Thanksgiving makes me think of my wonderful family and friends.
Being thankful for them, and for all GHN colleagues, readers and supporters.
It’s also a time for many Georgians to think about safety when it comes to cooking.
That means those of us who break out the turkey-frying equipment need to take extra care about safety. Georgia ranks seventh in the nation in Thanksgiving Day cooking fires, as Jim Thompson of the Athens Banner-Herald points out.
His article gives tips for holiday cooks on how to fry a turkey safely. Here’s the link.
And Happy Thanksgiving!
Outwardly, Kerry Tucker of Atlanta looks perfectly healthy.
But for the past 25 years, Tucker has battled constant stiffness and pain from psoriatic arthritis.
“Mornings are the toughest,’’ Tucker said at an Atlanta arthritis conference last week. Then there are the flare-ups that leave her in bed for days.
She’s among patients taking a breakthrough “biologic” drug – medications that have made a major difference in their ability to handle arthritis symptoms.
Yet these specially engineered drugs have a hefty price tag for insurers, employers and patients. That cost has consumer advocates alarmed about the potential financial impact on families.
Roughly one in four Georgians are estimated to have a form of doctor-diagnosed arthritis, according to the Atlanta-based Arthritis Foundation. More than 800,000 of them are “limited’’ by the condition, the CDC says.
Thousands of Georgia children have a form of juvenile arthritis. full story
Contract standoffs between hospital systems and health insurers typically have a way of being resolved — often right before a deadline.
But high-stakes negotiations between Grady Health System and Georgia’s biggest insurer failed to produce a new contract before the midnight deadline Sunday.
Grady Memorial Hospital
That means Grady Memorial Hospital is now “out of network” for Blue Cross and Blue Shield of Georgia members. Patients with Blue Cross insurance will face higher out-of-pocket costs at the Atlanta hospital and its clinics.
Both Grady and Blue Cross expressed disappointment that a deal was not reached. Contract negotiations had been under way for a year.
Grady recently had launched a publicity campaign to call attention to low reimbursements from Blue Cross, saying those payments were lower than the insurer’s rates for other comparable hospitals in Atlanta and throughout the state. full story
Struggling to stay afloat financially, a northwest Georgia rural hospital has opted to file for bankruptcy protection from its creditors.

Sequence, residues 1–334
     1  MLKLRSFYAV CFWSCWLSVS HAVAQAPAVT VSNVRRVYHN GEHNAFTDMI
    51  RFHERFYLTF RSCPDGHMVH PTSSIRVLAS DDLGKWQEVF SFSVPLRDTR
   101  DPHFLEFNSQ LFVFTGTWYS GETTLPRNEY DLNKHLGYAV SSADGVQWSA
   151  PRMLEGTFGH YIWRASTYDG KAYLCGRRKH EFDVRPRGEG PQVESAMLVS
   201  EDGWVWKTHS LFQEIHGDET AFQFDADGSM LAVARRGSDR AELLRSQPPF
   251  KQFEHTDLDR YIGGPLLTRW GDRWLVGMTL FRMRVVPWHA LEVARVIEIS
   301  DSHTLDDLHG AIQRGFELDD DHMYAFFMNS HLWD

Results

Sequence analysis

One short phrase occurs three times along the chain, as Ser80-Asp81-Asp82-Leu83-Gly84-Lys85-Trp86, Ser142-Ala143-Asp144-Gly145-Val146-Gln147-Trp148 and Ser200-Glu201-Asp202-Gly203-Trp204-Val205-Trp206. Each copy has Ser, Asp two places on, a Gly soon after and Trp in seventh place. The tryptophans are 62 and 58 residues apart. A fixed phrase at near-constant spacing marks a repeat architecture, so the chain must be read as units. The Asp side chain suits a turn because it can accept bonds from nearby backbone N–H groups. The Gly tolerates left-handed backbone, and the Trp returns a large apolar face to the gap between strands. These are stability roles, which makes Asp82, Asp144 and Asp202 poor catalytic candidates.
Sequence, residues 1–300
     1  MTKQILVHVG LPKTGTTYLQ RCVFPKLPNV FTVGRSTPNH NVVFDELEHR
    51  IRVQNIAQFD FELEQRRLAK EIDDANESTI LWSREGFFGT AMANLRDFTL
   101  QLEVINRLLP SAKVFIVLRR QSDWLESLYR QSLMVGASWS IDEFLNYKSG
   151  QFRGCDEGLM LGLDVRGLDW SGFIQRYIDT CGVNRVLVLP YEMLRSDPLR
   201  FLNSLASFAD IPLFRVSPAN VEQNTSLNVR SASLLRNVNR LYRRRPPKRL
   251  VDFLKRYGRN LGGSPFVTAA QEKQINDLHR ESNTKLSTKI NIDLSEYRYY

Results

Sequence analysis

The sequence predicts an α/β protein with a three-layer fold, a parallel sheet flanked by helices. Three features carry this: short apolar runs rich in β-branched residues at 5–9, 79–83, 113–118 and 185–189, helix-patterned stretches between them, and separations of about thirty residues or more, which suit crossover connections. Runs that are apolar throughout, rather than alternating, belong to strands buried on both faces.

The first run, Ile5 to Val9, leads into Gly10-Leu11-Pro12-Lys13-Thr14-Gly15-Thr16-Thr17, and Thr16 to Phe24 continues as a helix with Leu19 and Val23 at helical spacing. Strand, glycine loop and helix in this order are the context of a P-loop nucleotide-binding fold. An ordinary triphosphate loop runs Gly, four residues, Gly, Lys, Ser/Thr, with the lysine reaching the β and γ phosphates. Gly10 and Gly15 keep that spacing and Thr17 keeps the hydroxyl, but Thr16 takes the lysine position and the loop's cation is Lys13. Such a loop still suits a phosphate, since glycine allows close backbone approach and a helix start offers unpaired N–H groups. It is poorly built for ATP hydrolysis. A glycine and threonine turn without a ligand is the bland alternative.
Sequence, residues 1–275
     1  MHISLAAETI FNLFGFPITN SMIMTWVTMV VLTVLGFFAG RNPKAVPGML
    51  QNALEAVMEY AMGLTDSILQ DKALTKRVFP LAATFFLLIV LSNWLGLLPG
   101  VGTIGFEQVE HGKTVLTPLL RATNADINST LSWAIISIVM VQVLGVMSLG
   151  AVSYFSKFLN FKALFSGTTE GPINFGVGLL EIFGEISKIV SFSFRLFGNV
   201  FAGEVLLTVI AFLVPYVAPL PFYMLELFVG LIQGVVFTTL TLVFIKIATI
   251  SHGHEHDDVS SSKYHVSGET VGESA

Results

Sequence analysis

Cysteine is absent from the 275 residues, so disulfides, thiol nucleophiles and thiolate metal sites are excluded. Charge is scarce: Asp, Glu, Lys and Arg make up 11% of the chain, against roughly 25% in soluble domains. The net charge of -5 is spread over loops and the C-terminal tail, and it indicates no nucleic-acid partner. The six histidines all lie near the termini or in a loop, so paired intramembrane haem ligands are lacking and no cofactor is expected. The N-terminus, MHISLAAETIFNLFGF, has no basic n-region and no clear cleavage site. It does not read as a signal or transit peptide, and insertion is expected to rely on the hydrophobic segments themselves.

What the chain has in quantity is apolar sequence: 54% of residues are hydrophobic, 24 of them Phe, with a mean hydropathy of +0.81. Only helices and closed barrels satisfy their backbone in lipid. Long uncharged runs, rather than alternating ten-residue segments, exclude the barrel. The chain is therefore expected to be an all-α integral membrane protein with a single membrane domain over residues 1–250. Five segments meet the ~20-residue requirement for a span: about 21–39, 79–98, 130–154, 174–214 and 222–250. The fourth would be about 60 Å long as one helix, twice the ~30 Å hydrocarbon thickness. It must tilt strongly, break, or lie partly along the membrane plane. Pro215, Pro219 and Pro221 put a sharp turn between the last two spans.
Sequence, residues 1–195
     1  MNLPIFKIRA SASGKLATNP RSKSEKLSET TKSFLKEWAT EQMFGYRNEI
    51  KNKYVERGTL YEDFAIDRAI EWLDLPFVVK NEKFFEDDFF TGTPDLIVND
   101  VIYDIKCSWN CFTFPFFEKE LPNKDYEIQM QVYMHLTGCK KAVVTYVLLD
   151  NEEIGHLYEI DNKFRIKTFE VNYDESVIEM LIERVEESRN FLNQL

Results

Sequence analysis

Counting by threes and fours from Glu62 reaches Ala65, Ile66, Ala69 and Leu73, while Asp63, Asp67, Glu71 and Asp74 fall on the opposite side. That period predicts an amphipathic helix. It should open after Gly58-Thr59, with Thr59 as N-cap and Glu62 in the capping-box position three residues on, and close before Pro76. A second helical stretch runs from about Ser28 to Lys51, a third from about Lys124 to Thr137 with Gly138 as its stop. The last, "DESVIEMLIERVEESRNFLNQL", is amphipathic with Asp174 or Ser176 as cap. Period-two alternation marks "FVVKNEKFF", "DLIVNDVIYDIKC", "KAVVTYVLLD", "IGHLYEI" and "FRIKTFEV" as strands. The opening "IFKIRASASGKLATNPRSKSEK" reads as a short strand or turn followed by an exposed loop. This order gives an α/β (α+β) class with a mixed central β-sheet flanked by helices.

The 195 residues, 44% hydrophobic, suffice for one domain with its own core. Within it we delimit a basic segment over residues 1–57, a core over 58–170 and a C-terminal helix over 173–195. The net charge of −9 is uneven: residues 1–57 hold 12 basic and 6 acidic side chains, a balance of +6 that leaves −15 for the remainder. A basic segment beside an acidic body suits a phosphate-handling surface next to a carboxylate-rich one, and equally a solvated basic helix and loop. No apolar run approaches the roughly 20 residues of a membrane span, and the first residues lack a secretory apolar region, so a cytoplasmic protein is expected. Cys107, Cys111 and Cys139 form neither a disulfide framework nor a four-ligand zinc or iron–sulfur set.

Officials at Hutcheson Medical Center in Fort Oglethorpe said Wednesday evening that the filing would allow it to continue operations, restructure debt, and help protect it from a Chattanooga system’s effort to foreclose on the hospital’s property.
Erlanger Health System has tried to recoup about $20 million it loaned Hutcheson as part of a management agreement.
Hutcheson Medical Center
The bankruptcy action came just hours before Gov. Nathan Deal’s Rural Hospital Stabilization Committee met in Lavonia on Thursday at Ty Cobb Regional Medical Center — another rural hospital experiencing severe financial challenges.
The panel heard speakers outline the depth of the state’s rural health care crisis.
Four rural hospitals have closed in Georgia over the past two years. Jimmy Lewis of HomeTown Health, an organization of rural hospitals, told the committee that 15 more facilities are “financially fragile.” Six of those, he said, “could go tomorrow due to low cash.”
“We’re approaching Third World care in the state of Georgia,’’ Lewis said.
More than 40 Georgia counties lack obstetrical providers, and just 75 of 180 hospitals in the state have labor and delivery units, Pat Cota of the Georgia OB/GYN Society told panel members. full story
Greenway Health may not be a household name outside of Carrollton, its headquarters city, though many sports fans may have noticed that professional golfer Jason Dufner wears its logo on his golf shirts.
But in the medical field, Greenway Health has created a major profile. It’s among the leaders in the business of electronic health records and digital services for physicians.
The company announced Wednesday that it is establishing an IT development center in Cobb County in metro Atlanta that will create 150 new jobs.
Also Wednesday, other health IT companies in Georgia announced expansions and other major corporate news, during a media tour preceding the Health IT Leadership Summit in Atlanta on Thursday.
Industry leaders say Georgia, and metro Atlanta in particular, have become known as the nation’s health IT capital.
According to the Metro Atlanta Chamber, there are more than 250 health IT companies in Georgia, supporting about 30,000 jobs. And Healthcare Informatics Magazine lists eight Georgia-based companies in its top 100 health IT companies in 2014, based on revenues from the previous year. full story